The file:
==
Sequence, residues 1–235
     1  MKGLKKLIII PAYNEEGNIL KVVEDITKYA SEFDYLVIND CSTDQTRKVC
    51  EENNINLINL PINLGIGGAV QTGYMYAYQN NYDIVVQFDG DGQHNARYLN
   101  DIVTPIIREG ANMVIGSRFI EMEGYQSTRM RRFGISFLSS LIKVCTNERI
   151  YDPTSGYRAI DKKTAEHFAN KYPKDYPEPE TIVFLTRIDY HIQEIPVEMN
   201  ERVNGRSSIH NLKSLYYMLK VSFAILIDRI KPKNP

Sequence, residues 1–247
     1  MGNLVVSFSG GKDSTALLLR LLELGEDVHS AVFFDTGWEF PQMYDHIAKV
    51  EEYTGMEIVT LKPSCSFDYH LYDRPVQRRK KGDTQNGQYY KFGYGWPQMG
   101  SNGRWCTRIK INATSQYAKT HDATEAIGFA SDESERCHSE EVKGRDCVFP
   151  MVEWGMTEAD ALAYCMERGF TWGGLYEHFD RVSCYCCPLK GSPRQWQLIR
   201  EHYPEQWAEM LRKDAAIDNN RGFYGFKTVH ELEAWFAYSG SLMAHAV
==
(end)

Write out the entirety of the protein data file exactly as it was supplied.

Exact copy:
Sequence, residues 1–235
     1  MKGLKKLIII PAYNEEGNIL KVVEDITKYA SEFDYLVIND CSTDQTRKVC
    51  EENNINLINL PINLGIGGAV QTGYMYAYQN NYDIVVQFDG DGQHNARYLN
   101  DIVTPIIREG ANMVIGSRFI EMEGYQSTRM RRFGISFLSS LIKVCTNERI
   151  YDPTSGYRAI DKKTAEHFAN KYPKDYPEPE TIVFLTRIDY HIQEIPVEMN
   201  ERVNGRSSIH NLKSLYYMLK VSFAILIDRI KPKNP

Sequence, residues 1–247
     1  MGNLVVSFSG GKDSTALLLR LLELGEDVHS AVFFDTGWEF PQMYDHIAKV
    51  EEYTGMEIVT LKPSCSFDYH LYDRPVQRRK KGDTQNGQYY KFGYGWPQMG
   101  SNGRWCTRIK INATSQYAKT HDATEAIGFA SDESERCHSE EVKGRDCVFP
   151  MVEWGMTEAD ALAYCMERGF TWGGLYEHFD RVSCYCCPLK GSPRQWQLIR
   201  EHYPEQWAEM LRKDAAIDNN RGFYGFKTVH ELEAWFAYSG SLMAHAV